"'The Liar’s Ball' is about men with edifice complexes. In this case, the ones who have left their mark all over New York City. Thanks to Vicky Ward, one of the most secretive, ruthless, and successful boys’ clubs has been exposed. This is a fascinating and unputdownable book.” — Dr. Amanda Foreman, author of "A World on Fire"
Vicky Ward’s new book, “The Liar’s Ball: The Extraordinary Saga of How One Building Broke the World’s Toughest Tycoons,” which explores the epic battle for the General Motors Building, the most expensive office space in the US, will be released next month. Ward is the author of “The Devil’s Casino,” which chronicled the Lehman collapse. Currently, the GM Building is home to a mega-sized Apple store.
“Vicky Ward has done it again. She has taken a subject and a cast of characters, many of whom we would not invite to dinner, and woven a page-turning, compelling tale. She transforms real estate players, who to most of us are stick figures, into pulsating characters. Yes, they are greedy. But they also can be visionary and vulnerable, and damn interesting.” — Ken Auletta
“This riveting book is far more than an exposé of ambition, greed, and business acumen(which, it turns out, is composed in equal parts of hubris, chutzpah, and sheer brilliance) at the apex of the New York real estate world. It is also a most subtle analysis of character, motive, passion, and rivalries, the stuff of which great fiction is made. 'The Liar’s Ball' will be a revelation to those of us who’ve always wondered how real estate tycoons become billionaires one day and can go bankrupt the next. I couldn’t put this book down. It’s a romp of a read.” — Henry Louis Gates, Jr., Director of the Hutchins Center for African & African American Research, Harvard University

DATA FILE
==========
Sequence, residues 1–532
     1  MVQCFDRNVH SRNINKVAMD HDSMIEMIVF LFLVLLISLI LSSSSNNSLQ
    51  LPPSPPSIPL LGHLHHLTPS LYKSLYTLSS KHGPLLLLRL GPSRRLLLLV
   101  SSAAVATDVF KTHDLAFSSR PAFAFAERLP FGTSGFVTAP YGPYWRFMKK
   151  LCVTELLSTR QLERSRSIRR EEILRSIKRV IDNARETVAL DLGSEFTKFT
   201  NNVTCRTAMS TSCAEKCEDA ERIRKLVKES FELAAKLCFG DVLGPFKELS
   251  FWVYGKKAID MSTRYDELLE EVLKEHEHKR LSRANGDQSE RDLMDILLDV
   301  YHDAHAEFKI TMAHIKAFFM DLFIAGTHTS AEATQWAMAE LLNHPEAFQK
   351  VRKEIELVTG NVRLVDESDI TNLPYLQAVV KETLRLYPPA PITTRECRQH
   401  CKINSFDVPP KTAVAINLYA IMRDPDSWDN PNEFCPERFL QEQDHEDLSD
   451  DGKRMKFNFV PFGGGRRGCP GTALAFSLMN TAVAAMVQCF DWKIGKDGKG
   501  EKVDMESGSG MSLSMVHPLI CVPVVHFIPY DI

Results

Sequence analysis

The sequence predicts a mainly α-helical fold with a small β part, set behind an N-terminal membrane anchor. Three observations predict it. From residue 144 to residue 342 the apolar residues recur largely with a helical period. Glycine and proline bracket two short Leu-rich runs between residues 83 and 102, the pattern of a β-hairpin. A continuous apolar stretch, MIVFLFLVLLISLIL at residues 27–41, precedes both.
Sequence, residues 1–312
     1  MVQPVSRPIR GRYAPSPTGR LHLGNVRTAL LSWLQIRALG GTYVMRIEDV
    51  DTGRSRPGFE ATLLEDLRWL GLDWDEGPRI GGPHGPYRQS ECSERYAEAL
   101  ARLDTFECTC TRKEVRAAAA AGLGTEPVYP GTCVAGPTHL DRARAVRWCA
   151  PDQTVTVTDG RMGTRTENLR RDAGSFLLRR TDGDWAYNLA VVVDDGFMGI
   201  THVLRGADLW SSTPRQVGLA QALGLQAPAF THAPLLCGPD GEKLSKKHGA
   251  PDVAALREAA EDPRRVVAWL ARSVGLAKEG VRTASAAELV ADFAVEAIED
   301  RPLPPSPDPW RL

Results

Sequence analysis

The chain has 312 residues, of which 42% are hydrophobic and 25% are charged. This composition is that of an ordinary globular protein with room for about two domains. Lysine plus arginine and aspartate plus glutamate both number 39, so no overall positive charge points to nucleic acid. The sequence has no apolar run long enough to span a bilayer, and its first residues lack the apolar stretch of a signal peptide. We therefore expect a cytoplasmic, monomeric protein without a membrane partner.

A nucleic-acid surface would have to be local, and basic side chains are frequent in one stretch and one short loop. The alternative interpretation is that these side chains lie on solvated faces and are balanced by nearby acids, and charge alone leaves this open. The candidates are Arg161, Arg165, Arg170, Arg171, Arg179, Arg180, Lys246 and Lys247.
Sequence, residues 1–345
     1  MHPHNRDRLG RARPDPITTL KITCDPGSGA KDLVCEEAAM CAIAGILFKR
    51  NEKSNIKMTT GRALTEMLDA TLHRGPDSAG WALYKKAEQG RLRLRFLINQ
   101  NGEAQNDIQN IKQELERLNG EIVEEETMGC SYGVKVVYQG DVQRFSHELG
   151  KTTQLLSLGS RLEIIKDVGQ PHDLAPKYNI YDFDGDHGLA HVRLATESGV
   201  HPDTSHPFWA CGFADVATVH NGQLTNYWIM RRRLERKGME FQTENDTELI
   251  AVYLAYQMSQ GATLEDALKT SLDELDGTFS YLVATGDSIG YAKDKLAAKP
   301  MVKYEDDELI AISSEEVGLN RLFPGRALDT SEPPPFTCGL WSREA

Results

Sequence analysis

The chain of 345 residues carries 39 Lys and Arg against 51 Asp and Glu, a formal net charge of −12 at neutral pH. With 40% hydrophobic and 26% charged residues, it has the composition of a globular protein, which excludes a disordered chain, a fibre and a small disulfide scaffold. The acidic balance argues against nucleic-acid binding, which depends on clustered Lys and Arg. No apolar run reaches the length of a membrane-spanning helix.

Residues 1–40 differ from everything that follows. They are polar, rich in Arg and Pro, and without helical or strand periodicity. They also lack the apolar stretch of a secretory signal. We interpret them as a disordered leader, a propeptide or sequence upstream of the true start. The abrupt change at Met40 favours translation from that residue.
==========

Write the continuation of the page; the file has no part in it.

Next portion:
“The story of the world’s most valuable office building is a gripping tale of boom and bust, battling billionaires, and huge egos flirting with disaster in their relentless, debt-financed pursuit of the ultimate trophy deal. Vicky Ward sheds fresh light on tycoons from Donald Trump to Steve Jobs as she brilliantly explores the vision and fragility at the heart of the most volatile part of American capitalism.” — Matthew Bishop, New York Bureau Chief, The Economist
“Lucid, action-filled, and built on astounding access—how did she get all that information?— to some of the most powerful and secretive men (yes, all men) in the world. And a rip-roaring read as well.” — Jay Fielden, Editor in Chief, Town & Country